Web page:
Page 3368 - Week 10 - Wednesday, 19 October 2022

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24 applications under the wood heater replacement program this year compared to just five in the previous year. And there has been a 904 per cent increase in traffic to the website, and a 255 per cent increase in traffic to the wood heater replacement program page. There are plans to continue refining these initiatives, including the possibility of the no-cost replacement of wood heating for low-income households, and targeted campaigns in Tuggeranong and Belconnen, which have a higher proportion of wood heaters. In the ACT we are already at the forefront, nationally, in addressing woodfire smoke pollution via these types of initiatives.

The ACT is also pushing hard on building energy efficiency, and, as Minister for Sustainable Building and Construction, I am really happy to be a part of the progress that we have made. We know that human health is significantly impacted by indoor environments that are freezing in winter and baking in summer. For example, studies of the effects of improved cooling in hospitals on patient health showed that after cooling systems were installed, there were measurable improvements in blood pressure and respiratory rates and benefits in cardiac function. Patients with chronic diseases, such as congestive heart failure and asthma, also benefited from cooling.

At the other end of the spectrum, one study conducted in almost 20 countries found that there seemed to be a significant connection between consistent exposure to high temperatures and increased levels of depression and anxiety. By including more stringent energy efficiency requirements in the National Construction Code, we can not only lower our emissions but ensure that fewer people will have to struggle with the negative effects, on both physical and mental health, of extreme temperatures in their homes. The ACT will be bringing in these new requirements from October 2023 onwards, giving the construction industry time to adapt.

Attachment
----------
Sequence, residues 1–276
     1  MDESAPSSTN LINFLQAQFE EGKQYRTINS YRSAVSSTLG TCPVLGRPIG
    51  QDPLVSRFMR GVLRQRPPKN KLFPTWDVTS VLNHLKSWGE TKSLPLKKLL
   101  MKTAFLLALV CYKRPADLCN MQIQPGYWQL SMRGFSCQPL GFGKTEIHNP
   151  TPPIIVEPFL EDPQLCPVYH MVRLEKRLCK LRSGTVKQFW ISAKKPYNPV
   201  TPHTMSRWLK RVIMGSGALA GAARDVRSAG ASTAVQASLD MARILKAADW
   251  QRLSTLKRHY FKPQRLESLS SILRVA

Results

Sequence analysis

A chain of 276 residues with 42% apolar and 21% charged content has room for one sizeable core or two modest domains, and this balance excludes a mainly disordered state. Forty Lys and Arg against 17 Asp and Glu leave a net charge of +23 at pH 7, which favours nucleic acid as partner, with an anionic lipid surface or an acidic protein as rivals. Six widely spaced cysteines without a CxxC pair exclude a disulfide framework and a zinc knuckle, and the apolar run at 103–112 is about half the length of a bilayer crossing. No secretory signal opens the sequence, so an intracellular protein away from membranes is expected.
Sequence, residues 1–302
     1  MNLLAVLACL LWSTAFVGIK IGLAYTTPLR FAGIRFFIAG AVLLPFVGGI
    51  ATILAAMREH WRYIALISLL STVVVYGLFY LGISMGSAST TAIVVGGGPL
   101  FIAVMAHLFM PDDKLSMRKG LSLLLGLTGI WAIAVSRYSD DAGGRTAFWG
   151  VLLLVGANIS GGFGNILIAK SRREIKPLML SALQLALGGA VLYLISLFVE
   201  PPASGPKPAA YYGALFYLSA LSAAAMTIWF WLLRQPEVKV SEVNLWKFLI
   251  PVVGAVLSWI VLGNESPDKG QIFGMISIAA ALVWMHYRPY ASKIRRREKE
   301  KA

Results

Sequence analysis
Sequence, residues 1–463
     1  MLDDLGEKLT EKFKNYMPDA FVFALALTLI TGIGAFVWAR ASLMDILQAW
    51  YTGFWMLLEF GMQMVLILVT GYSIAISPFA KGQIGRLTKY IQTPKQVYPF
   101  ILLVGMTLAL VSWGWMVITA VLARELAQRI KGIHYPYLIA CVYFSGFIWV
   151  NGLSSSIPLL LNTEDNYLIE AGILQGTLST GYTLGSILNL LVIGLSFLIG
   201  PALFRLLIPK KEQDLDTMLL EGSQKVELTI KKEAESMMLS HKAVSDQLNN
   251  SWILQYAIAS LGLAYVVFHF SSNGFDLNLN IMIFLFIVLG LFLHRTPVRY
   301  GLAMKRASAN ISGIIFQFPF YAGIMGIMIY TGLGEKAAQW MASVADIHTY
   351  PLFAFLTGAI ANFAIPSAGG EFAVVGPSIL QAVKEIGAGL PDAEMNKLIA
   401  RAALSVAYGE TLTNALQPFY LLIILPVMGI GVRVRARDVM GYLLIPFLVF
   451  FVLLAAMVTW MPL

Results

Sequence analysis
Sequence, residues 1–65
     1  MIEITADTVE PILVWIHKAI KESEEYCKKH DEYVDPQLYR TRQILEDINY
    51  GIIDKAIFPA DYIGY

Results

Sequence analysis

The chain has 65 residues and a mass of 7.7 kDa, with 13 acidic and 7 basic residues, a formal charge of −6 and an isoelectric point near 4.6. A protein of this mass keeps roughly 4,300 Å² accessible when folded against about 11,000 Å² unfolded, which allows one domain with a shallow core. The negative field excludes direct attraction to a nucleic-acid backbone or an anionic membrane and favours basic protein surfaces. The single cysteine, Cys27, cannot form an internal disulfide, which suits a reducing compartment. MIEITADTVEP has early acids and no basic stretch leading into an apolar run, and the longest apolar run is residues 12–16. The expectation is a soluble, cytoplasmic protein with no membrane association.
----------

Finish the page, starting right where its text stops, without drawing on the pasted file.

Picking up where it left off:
The NCC also provides a mix of practical solutions for homes that can be customised to the climate and the location of each build. As well, from early next year, rental homes in the ACT with a ceiling insulation level of R2 or less will be required to upgrade to R5, with a phase-in period of several years to spread insulation industry demand and allow rental providers time to make the changes. The new regulation is designed to target the worst-performing rentals, since it is estimated that around 60 per cent of rentals already meet or exceed the standard. There is a lot of technical and practical detail to this—which I will not go into now—which will ensure that there are no unforeseen downsides for stakeholders.

I am glad that we have this positive progress to report, but I am also aware of how much more needs to be done, and how much of it is hard—in fact, how much of it is impossible, to some extent. I am often confronted by the fact that we are just one small jurisdiction trying to battle what is a massive global problem—and some are still denying that it is even happening. Yes, we can address the mental health challenge of growing climate grief through local mental health programs, but on our own we cannot solve what is causing the grief in the first place.

But we can do our part. There is no doubt that the ACT has been a leader on the climate action front. We need to keep leading, and we will. Enhancing our efforts to address the health impacts of climate change is a vital part of this.

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